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Leader comment: Student grant

05 November 2021

THE mention in the General Synod papers of “an accumulation of unspent money in dioceses” is eye-catching when finances on the ground are tight. “Something over £1 million per year is being transferred to dioceses which they are not in practice spending on agreed costs for IME1 [the first stage of initial ministerial education] for ordinands. This accumulation is irregular across dioceses and was not predicted.” It is due to ways in which dioceses have made their funding decisions since the last shake-up. The changes have not, it seems, improved the precarious position of some theological-education institutions (TEIs). The system ought to keep them on on their mettle; but the same reservations apply to this as in any debate about competition.

The goal is not, of course, to preserve particular TEIs, but to prepare for fruitful ministry; and yet institutions preserve values, some of which, at least, are important, contributing to the Church’s breadth and diversity. This review also reflects the new emphasis on lay ministry, and one recommendation is to include training of licensed lay ministers or Readers in the national system. This ought to be considered apart from the dismissive talk about ordained ministry which soured the atmosphere earlier this year. In debates about theological formation, at least, there should be clarity about the relationship of Holy Orders to the priesthood of all believers.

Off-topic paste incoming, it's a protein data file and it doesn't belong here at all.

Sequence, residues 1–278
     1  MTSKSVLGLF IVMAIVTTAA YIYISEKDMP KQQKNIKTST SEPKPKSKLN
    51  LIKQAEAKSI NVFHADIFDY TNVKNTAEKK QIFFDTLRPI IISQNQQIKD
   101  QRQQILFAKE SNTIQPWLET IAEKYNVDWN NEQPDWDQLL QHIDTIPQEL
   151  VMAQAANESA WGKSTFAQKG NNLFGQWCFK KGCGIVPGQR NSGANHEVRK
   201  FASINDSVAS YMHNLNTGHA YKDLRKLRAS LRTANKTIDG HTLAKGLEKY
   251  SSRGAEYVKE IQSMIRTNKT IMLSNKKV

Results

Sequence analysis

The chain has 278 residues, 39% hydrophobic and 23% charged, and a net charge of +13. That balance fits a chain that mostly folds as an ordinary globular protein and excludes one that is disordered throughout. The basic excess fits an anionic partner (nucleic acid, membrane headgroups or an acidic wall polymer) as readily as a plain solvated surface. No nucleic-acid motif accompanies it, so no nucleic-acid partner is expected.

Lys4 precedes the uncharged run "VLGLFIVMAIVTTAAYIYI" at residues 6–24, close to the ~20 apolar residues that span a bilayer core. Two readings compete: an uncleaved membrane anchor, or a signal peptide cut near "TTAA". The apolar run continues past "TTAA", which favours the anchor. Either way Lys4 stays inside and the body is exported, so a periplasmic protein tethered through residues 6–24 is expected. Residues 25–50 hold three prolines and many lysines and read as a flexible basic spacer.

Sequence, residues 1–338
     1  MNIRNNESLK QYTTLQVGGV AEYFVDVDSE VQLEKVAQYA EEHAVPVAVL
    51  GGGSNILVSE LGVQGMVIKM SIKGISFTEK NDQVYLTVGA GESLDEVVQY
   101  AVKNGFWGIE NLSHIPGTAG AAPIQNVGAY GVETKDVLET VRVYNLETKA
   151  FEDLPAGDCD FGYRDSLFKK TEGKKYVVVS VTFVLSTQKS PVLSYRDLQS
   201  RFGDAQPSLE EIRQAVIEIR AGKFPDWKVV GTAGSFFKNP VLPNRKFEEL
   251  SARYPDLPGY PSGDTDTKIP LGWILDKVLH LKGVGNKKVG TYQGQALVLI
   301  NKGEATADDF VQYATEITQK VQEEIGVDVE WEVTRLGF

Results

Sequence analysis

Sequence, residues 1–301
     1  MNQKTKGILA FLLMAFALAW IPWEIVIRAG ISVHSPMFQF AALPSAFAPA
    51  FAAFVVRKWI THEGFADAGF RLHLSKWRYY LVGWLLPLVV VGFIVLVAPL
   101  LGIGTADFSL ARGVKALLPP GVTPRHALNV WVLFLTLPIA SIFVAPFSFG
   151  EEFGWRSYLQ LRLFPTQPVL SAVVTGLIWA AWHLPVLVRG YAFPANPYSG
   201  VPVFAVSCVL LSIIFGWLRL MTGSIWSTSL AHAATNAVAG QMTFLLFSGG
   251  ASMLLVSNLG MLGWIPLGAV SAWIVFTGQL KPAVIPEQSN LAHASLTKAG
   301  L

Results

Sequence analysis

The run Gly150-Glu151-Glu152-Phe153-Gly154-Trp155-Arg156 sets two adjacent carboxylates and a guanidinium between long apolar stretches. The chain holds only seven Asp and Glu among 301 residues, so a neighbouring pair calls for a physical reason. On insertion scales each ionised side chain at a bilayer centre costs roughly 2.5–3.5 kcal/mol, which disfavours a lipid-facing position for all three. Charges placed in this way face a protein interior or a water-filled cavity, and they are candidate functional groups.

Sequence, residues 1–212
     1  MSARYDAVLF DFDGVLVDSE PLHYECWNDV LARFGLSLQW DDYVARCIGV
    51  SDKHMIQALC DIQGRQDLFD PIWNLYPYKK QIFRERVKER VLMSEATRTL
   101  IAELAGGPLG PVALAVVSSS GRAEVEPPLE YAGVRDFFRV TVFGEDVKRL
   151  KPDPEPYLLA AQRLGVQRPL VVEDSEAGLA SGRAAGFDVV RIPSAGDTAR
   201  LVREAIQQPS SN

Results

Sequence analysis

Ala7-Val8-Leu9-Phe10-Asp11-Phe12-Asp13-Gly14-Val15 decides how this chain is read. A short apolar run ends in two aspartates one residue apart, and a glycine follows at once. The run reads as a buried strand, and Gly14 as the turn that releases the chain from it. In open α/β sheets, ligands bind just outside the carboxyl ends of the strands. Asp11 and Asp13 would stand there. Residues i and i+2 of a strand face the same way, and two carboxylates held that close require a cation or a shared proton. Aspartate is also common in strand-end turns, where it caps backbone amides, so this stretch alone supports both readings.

WHILE there is so much discussion of global warming, the very thought of bonfires seems almost blasphemous in itself. But on 5 November in England, at least, it can hardly be avoided. An article in The Tablet last week suggested that there was, in fact, no Gunpowder Plot, and that Guy Fawkes’s barrels could well have been the invention of Lord Salisbury, acting very much as his father’s son to meet a political need, add lustre to the crushing of the Warwickshire rising, and create a Catholic scandal that would be remembered for centuries.

Even if this is just another conspiracy theory, it is a reminder that Gunpowder Treason is not the red-letter day of popular celebration which it was in living memory. The fireworks might now be for Diwali. As for dressing up a Guy — costumes are for Hallowe’en, aren’t they? If this was, indeed, a Cecil plot, it has arguably been beaten by this Scottish custom, exported to the New World, then sold to the English by the power of Hollywood glitz in the post-Brady Bunch era. Elizabeth I and her royal cousin Mary might be equally surprised.

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